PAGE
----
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Why has Irish Social Partnership Survived?


  • Paul Teague
  • Jimmy Donaghey


The present system of social partnership in Ireland is in its twentieth year. A range of explanations have been put forward to explain why social partnership has been so durable even though it does not possess the institutional endowments often considered necessary to sustain tripartite industrial relations arrangements. Although these accounts are considered to have merits, this article suggests that they also suffer from a range of weaknesses. The article suggests that the longevity of the social partnership regime is a result of it being part of an unorthodox system of institutional complementarities that triggered a spectacular period of economic and employment growth. Copyright (c) Blackwell Publishing Ltd/London School of Economics 2009.

Suggested Citation

  • Paul Teague & Jimmy Donaghey, 2009. "Why has Irish Social Partnership Survived?," British Journal of Industrial Relations, London School of Economics, vol. 47(1), pages 55-78, March.
  • Handle: RePEc:bla:brjirl:v:47:y:2009:i:1:p:55-78

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    References listed on IDEAS

    1. Anke Hassel, 2003. "The Politics of Social Pacts," British Journal of Industrial Relations, London School of Economics, vol. 41(4), pages 707-726, December.
    2. Lucio Baccaro, 2003. "What is Alive and What is Dead in the Theory of Corporatism," British Journal of Industrial Relations, London School of Economics, vol. 41(4), pages 683-706, December.
    3. Niamh Hardiman, 2006. "Politics and Social Partnership - Flexible Network Governance," The Economic and Social Review, Economic and Social Studies, vol. 37(3), pages 343-374.
    4. Amable, Bruno, 2003. "The Diversity of Modern Capitalism," OUP Catalogue, Oxford University Press, number 9780199261147, June.
    5. Lois Recascino Wise, 1993. "Whither Solidarity? Transitions in Swedish Public-Sector Pay Policy," British Journal of Industrial Relations, London School of Economics, vol. 31(1), pages 75-95, March.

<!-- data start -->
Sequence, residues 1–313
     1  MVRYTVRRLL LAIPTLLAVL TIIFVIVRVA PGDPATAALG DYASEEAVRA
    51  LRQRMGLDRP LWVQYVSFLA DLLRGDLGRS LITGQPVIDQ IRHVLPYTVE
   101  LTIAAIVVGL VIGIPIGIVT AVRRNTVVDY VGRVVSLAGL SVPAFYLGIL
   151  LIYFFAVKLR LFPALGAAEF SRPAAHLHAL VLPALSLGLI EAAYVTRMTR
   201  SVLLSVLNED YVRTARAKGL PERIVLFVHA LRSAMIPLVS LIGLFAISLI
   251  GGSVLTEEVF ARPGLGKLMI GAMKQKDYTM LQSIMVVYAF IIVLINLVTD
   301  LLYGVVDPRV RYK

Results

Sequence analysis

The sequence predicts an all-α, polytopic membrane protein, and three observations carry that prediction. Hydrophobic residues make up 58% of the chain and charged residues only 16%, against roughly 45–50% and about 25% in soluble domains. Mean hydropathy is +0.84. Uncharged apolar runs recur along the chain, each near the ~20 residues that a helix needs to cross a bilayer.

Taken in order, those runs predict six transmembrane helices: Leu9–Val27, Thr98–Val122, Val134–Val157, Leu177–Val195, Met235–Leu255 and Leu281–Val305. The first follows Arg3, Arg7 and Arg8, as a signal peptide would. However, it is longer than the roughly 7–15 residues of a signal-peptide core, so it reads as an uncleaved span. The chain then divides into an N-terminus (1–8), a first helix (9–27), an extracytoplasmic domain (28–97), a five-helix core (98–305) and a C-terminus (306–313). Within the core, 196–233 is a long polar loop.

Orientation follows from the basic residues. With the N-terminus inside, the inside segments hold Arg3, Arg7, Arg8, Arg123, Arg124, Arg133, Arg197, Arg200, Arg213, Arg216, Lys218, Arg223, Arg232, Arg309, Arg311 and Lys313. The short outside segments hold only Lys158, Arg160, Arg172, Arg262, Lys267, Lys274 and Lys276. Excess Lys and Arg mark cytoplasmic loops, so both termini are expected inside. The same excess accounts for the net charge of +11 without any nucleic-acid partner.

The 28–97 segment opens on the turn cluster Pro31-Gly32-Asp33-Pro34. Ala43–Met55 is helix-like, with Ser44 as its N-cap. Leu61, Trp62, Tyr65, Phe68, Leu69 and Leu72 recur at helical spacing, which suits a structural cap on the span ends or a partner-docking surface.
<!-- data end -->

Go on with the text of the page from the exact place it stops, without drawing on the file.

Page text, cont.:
6. Crouch, Colin, 2005. "Capitalist Diversity and Change: Recombinant Governance and Institutional Entrepreneurs," OUP Catalogue, Oxford University Press, number 9780199286652, June.
    7. Paul Teague, 2006. "Social Partnership and Local Development in Ireland: The Limits to Deliberation," British Journal of Industrial Relations, London School of Economics, vol. 44(3), pages 421-443, September.
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    Cited by:

    1. repec:ilo:ilowps:480573 is not listed on IDEAS
    2. Jacques Freyssinet, 2011. "L'impact de la crise économique sur les modes de production des normes de la relation d'emploi : l'exemple de six pays d'Europe occidentale," Post-Print halshs-00804884, HAL.
    3. James Wickham, 2011. "After the party's over: The Irish employment model and the paradoxes of non-learning," The Institute for International Integration Studies Discussion Paper Series iiisdp367, IIIS.
    4. repec:ilo:ilowps:456758 is not listed on IDEAS
    5. Sebastian Dellepiane & Niamh Hardiman, 2012. "Fiscal Politics In Time: Pathways to Fiscal Consolidation, 1980-2012," Working Papers 201228, Geary Institute, University College Dublin.
    6. McSweeney Brendan & Brown Donna & Iliopoulou Stravroula, 2016. "Claiming too much, delivering too little: testing some of Hofstede’s generalisations," The Irish Journal of Management, De Gruyter Open, vol. 35(1), pages 34-57, April.
    7. Freyssinet, Jacques., 2010. "Les réponses tripartites à la crise économique dans les principaux pays d'Europe occidentale," ILO Working Papers 994567583402676, International Labour Organization.
    8. repec:ilo:ilowps:460361 is not listed on IDEAS

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